She stops at the summit where we didn’t tarry for lack of vista. It was a stroll for the solstice, our shortest day of the year.
Like her visit, this little “walk” was but a spur of the moment surprise. And getting out in nature at any time, is preferable to not.
And enjoy our time outside and together, we did.
Merry Christmas to everyone. Another adventure awaits on Christmas day.
Last year about this time, Laurel and I were making our way down towards Mexico for a climb on Pico de Orizaba via La Malinche. It was an eventful experience in that she got seriously altitude sick and had to be brought down. Not unusual for someone who had never been higher than 8 thousand feet. After assuring me she was fine upon reaching the relative safety of 8 thousand feet, her previous high point prior to this trip, I returned to finish this climb solo.
While there, sleeping in the hut on what was now to be my third attempt on Mexico’s highest volcano, I met John Stevenson who was to head out the same morning at midnight or so. We exchanged pleasantries and he retired, with his guide, for a small bit of sleep before our traditional alpine start. Midnight was cold and spitting snow, as I remember, and the cold was bone chilling here at the refugio at 14 thousand feet. I donned multiple layers and headed off into the dark abyss. I soon caught up with several guided groups. The sun didn’t start rising until I hit the final snowfield at 17k and began pressure breathing my way to the summit that seemed, with every step, more elusive.
Light crested the horizon in step with my arrival at the caldera, or summit cone. I had passed most everyone in my push from the last great snowfield, having paced well through the labyrinth that had eluded me on two separate attempts. As I reached the familiar cross with no doubt that the summit was now successfully checked, it was John and his guide that came up next and snapped several photographs. John took some great pics of me and I returned the favor.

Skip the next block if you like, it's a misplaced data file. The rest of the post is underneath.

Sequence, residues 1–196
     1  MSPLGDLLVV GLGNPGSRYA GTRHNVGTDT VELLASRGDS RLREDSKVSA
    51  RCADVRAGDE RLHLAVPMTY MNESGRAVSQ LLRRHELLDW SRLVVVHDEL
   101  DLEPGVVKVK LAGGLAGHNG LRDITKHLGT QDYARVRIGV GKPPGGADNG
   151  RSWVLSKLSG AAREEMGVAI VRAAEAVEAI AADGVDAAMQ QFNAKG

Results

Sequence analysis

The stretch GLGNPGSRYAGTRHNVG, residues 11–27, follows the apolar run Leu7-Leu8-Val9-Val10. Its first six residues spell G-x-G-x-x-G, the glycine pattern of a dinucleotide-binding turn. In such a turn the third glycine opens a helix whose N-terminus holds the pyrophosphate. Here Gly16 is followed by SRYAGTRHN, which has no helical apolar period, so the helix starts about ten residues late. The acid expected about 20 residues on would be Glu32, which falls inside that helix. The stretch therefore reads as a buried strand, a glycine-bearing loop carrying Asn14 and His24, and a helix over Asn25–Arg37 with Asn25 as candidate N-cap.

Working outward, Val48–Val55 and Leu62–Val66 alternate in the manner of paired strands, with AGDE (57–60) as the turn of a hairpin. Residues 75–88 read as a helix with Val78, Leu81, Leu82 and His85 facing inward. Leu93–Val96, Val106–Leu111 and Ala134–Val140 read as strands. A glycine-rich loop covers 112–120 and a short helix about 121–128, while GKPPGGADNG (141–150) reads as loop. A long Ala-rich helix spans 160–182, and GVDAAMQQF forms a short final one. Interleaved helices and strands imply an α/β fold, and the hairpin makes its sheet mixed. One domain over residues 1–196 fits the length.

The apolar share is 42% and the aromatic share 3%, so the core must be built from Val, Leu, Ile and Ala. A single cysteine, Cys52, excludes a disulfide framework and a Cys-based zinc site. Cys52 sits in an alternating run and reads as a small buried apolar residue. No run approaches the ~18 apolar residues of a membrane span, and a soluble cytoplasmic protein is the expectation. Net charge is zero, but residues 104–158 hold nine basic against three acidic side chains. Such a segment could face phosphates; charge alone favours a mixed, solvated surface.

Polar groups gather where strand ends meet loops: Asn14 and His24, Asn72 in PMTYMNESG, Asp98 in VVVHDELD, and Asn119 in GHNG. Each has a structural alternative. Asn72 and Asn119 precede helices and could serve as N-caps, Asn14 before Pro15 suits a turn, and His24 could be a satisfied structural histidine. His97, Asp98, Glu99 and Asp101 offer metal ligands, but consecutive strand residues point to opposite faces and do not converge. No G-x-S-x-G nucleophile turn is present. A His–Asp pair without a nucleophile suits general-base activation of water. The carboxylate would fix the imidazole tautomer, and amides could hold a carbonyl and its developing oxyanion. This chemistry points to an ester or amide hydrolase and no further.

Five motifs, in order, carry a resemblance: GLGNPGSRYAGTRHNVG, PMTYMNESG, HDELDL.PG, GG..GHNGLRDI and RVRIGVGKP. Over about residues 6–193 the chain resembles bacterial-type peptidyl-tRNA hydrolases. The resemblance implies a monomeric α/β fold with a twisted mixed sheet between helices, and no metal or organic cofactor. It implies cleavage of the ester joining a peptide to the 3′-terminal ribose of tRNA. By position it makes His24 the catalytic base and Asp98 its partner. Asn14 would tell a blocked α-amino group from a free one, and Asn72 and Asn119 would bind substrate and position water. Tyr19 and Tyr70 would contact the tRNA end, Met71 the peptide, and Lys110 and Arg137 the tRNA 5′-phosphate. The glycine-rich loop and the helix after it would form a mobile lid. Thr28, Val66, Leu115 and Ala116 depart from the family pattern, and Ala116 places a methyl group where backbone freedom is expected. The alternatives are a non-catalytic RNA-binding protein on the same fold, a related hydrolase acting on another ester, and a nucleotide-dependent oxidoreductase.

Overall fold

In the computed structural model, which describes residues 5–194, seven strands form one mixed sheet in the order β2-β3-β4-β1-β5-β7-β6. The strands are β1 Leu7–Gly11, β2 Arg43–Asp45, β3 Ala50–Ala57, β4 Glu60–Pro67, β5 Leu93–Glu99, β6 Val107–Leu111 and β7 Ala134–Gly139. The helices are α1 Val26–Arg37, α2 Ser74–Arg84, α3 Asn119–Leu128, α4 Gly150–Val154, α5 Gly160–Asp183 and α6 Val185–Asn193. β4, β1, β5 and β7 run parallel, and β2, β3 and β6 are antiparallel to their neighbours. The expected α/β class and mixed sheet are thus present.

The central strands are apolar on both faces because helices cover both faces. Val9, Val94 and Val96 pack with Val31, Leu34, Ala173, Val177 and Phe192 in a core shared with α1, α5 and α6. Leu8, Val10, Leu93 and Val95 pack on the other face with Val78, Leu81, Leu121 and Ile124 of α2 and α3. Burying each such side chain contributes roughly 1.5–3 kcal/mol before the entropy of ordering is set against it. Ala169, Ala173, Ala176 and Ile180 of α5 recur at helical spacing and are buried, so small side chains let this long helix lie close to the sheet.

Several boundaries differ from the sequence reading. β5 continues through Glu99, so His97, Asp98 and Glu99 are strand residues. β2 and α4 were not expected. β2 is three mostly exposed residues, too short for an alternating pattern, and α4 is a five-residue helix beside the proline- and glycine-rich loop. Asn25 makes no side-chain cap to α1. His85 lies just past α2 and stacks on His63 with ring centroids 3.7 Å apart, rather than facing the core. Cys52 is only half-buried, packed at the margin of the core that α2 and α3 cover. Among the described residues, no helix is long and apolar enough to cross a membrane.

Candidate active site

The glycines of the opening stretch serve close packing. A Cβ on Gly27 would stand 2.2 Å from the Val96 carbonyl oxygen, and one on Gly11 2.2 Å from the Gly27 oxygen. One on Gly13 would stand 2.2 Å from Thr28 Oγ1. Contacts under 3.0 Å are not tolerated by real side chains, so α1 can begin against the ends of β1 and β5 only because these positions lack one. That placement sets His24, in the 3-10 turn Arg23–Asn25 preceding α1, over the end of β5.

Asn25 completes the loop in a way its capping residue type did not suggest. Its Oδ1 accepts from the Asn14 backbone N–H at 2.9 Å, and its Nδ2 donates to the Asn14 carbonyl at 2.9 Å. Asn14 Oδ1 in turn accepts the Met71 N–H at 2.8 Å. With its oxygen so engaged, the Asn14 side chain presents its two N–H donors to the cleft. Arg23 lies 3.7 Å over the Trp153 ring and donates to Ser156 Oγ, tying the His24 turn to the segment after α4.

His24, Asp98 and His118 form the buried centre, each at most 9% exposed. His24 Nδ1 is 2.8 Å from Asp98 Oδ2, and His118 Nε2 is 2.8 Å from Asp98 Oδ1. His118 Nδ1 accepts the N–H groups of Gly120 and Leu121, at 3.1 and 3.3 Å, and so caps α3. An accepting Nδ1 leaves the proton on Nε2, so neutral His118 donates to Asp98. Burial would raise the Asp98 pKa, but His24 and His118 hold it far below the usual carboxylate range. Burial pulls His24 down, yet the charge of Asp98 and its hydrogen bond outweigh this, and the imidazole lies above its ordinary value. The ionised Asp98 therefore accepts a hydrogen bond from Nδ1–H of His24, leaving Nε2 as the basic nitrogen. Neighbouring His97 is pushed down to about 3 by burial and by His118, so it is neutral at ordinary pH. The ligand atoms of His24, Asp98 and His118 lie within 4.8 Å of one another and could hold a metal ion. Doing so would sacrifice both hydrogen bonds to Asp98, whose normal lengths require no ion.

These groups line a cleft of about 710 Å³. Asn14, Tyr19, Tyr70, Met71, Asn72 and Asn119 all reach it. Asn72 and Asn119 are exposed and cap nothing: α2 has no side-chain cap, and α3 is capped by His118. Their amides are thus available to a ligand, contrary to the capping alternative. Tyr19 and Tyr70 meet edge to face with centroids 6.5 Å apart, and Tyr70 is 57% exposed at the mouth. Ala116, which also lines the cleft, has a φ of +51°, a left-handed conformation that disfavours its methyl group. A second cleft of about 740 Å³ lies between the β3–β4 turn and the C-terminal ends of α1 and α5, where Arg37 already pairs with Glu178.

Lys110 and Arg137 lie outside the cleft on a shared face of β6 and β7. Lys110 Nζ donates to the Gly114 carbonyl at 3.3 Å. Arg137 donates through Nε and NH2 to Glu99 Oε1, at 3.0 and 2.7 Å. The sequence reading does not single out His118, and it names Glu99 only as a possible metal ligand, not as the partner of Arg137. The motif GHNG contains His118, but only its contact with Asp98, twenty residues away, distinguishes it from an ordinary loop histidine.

This is the photograph John took for me. I was not far out of night as my headlamp apparently remains in full beam.
It was an awesome experience. John and I stayed in touch and he invited me to go down and climb in Kazakhstan with him but I was not able to make that work. He was able to climb Khan Tengri which brings me to the point of this post. While ascending this great peak in the communist region at 6000 meters with a guide, John’s attention was diverted to a great disturbance in the sky. It was very curious to both my new friend and his Kazakh guide and I assume they may have thought it extra terrestrial at the time.
Turns out this magnificent photo was a shot of the Soyuz space capsle launching off towards the International Space Station in July of this year. I found the shot so amazing it had to be shared, so here goes! Isn’t it incredible?